Event Details

Proximity Driven Interface Phenomena and Field Effects in Quantum Materials

  • 2022-07-27
  • Dr. Dhavala Suri, Technical University of Munich, Germany

One of the niche areas of condensed matter physics that has seen upsurge of activity in recent times is the field of quantum materials (QMs). The aim is to discover emergent ground states seeking unusual phenomena while assessing their properties for qubit technology development. The field of proximity effects has high potential in this regard, where two QMs are proximity coupled for a platform resulting new ground states [1, 2]. Choosing some examples among myriads of effects reported, I will provide an overview of proximity coupled systems such as topological insulators, 2D materials and superconductors focusing on our work in recent years.

My talk will begin with the behavior of the archetypical topological insulating systems, the consequences of magnetic proximity in them. Here, we observed that a combination of large spin orbit coupling and inversion symmetry breaking at the interface, results in non-trivial spin textures at the interface [3]. Here, I will discuss the importance of planar Hall Effect and its sensitivity to magnetic spin textures [4, 5]. In the next part, I will present our experiments on superconducting micro bridges. We demonstrate an enhancement of critical current up to 30% by back gating [6]; I will discuss plausible mechanisms for this enhancement. Lastly, I will give a glimpse of very recent activities pertaining to the unexpected behavior in conventional superconductors under magnetic fields.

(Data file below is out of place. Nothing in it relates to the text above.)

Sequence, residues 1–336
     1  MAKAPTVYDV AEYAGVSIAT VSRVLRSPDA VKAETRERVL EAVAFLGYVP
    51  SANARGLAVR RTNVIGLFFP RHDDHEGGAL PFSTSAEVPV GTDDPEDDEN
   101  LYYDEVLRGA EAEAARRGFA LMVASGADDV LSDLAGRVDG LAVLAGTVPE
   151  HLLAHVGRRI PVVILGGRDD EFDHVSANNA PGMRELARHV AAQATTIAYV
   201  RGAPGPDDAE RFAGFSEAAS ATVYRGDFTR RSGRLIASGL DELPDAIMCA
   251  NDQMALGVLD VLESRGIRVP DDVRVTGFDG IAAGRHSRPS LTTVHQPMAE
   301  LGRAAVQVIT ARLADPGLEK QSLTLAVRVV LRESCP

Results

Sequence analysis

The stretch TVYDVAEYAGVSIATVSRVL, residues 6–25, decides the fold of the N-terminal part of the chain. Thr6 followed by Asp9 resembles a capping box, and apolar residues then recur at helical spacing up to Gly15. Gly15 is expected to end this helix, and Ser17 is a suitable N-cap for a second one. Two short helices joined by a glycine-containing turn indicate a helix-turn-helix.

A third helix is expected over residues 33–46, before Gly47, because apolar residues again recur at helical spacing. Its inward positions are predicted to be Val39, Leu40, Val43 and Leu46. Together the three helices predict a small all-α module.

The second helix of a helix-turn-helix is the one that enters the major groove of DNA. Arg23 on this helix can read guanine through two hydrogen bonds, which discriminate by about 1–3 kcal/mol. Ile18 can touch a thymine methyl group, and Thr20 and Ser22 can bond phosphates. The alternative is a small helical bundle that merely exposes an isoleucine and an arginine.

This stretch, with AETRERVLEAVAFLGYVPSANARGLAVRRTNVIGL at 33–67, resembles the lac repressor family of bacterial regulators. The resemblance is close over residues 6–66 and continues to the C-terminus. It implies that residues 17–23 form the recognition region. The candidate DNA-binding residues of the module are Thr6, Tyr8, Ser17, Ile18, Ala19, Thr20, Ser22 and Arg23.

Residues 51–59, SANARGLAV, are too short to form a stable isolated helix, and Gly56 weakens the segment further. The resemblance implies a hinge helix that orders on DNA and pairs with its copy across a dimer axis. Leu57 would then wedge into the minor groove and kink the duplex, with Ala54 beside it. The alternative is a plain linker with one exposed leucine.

1. P. Wei et. al., Nature Materials 15, 711 (2016) 2. F. Katmis et. al., Nature 533, 513 (2016) 3. D. Suri et al., arXiv: 2107.03596 4. D. Suri et al., Applied Physics Letters 118, 241901 (2021) 5. D. Suri et al., Journal of Physics Condensed Matter 33, 335301 (2021) 6. D. Suri et al., Nano Letters 21, 216 (2021)

Dhavala Suri obtained her PhD from BITS Pilani, KK Birla Goa Campus and then pursued Post-doctoral Research at Francis Bitter Magnet Laboratory & Plasma Science and Fusion Center at Massachusetts Institute of Technology with Prof. Jagadeesh S. Moodera. She was also a Fellow at the Center for Integrated Quantum Materials (CIQM), Harvard University. Following that she pursued post-doctoral research at TIFR-Hyderabad. Presently, she is pursuing her research at TU Munich, Germany. Her research interests include Topological Insulators, Superconductivity, Proximity Effects and Layered 2D Materials